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I created this script, which listens for characters received on a hardcoded pipe, and tries to eval those characters. I call my script loop_executor.sh This is all it contains:


while :
    x=`cat /tmp/console_test`;
    echo "received $x"
    eval $x

I execute my script with a double click.

I want to see what files this process has open:

> $ pgrep loop_executor.sh

> $ ll /proc/1234/fd
dr-x------ 2 userX domain^users  0 Oct 20 17:57 ./
dr-xr-xr-x 9 userX domain^users  0 Oct 20 17:57 ../
lr-x------ 1 userX domain^users 64 Oct 20 17:57 0 -> /dev/null
l-wx------ 1 userX domain^users 64 Oct 20 17:57 1 -> /dev/null
l-wx------ 1 userX domain^users 64 Oct 20 17:57 2 -> /home/local/groupX/userX/.xsession-errors
lr-x------ 1 userX domain^users 64 Oct 20 17:58 255 -> /home/local/groupX/userX/Desktop/loop_executor.sh*
lr-x------ 1 userX domain^users 64 Oct 20 17:57 3 -> pipe:[225812]

FD 3 points to a "pipe". Well i know what file it uses, because I'm the one that hardcoded the file in the script, but I'd like to get this information (if possible) from another source (since my script is just a POC, and it could be a process whose code is not open to me).

What I understood, is that pipe:[225812] doesn't point to the inode of my file.

ll -i /tmp/console_test 
16519395 prw-r--r-- 1 userX domain^users 0 Oct 20 18:14 /tmp/console_test|

So my question is: If processess can open pipes, which are files on my system, can I determine which files those pipes "corresponded" to?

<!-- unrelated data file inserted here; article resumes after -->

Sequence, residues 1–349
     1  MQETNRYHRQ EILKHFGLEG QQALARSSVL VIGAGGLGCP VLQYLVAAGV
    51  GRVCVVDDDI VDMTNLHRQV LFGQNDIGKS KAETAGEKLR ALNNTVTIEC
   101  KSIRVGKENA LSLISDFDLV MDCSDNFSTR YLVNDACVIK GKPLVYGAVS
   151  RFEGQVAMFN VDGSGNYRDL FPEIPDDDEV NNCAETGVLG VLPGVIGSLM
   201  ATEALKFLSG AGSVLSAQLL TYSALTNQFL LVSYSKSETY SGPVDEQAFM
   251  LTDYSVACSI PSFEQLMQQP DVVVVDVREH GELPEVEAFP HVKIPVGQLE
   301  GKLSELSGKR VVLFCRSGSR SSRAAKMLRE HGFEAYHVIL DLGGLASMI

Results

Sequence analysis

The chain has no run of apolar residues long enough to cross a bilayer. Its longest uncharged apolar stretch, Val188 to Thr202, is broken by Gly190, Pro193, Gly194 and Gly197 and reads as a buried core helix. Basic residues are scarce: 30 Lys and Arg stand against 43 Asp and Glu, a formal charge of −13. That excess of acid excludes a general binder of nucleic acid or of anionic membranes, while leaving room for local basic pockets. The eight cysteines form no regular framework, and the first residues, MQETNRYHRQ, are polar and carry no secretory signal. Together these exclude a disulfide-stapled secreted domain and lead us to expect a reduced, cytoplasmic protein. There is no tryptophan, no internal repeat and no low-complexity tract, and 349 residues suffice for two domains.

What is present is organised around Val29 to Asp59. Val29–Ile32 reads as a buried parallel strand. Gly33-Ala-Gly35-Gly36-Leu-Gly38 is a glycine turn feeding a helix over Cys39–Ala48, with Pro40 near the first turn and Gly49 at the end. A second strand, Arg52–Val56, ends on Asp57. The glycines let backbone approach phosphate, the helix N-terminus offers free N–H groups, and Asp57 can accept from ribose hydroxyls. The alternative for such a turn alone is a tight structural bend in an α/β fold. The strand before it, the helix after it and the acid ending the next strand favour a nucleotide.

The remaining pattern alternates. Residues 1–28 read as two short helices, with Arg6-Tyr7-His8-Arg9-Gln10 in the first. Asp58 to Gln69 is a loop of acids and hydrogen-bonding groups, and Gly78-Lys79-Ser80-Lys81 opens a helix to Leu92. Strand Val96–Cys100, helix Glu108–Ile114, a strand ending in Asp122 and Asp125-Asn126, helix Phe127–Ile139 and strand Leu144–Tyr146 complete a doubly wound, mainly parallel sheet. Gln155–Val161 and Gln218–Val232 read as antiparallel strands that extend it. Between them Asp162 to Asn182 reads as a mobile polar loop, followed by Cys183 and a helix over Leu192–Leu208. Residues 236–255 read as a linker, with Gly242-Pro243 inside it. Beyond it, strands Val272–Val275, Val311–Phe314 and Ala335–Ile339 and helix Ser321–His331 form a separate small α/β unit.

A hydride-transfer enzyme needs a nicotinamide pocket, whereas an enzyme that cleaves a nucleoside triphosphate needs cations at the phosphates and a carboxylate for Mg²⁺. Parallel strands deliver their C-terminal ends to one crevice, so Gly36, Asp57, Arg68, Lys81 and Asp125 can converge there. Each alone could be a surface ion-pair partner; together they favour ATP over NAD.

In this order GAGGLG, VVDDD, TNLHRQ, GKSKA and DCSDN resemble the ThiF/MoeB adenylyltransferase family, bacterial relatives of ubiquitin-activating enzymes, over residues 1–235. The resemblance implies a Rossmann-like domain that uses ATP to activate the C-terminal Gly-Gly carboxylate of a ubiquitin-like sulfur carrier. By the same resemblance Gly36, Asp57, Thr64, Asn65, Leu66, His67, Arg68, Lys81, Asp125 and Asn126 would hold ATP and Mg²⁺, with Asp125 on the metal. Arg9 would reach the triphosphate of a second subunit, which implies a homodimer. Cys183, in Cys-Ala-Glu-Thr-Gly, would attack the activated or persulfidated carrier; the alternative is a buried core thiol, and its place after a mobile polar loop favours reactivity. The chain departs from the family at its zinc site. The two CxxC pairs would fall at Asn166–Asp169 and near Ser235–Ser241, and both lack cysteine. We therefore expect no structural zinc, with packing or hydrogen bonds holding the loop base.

I'm using ubuntu 12.04 if that matters.

[EDIT] Found the cat process that was reading from my pipe. It has the same opened pipe as its parent process, so it doesn't make much of a difference here -> i still don't know just by looking at pipe:[225812] what file -if any - that is.

marked as duplicate by Gilles, slm Oct 21 '14 at 22:54

This question has been asked before and already has an answer. If those answers do not fully address your question, please ask a new question.

  • Are you sure you used those backtick quotes on the pgrep line?! – wurtel Oct 20 '14 at 15:46
  • Why not . /tmp/console instead? – chepner Oct 20 '14 at 16:32
  • you wont find pipe:[225812] - it's an anonymous pipe. likely you can reference it w/ the special link /dev/fd/3 – mikeserv Oct 20 '14 at 16:48

Your script does not have /tmp/console_test opened, the cat process does. Your script is reading from a pipe that is connected to the cat process; that's what you're seeing in your question.

Search for the cat process and check that one out.

You probably want something like this:

while read x; do
    echo "received $x"
    eval "$x"
done < /tmp/console_test

Note the added quotes around the parameter to eval

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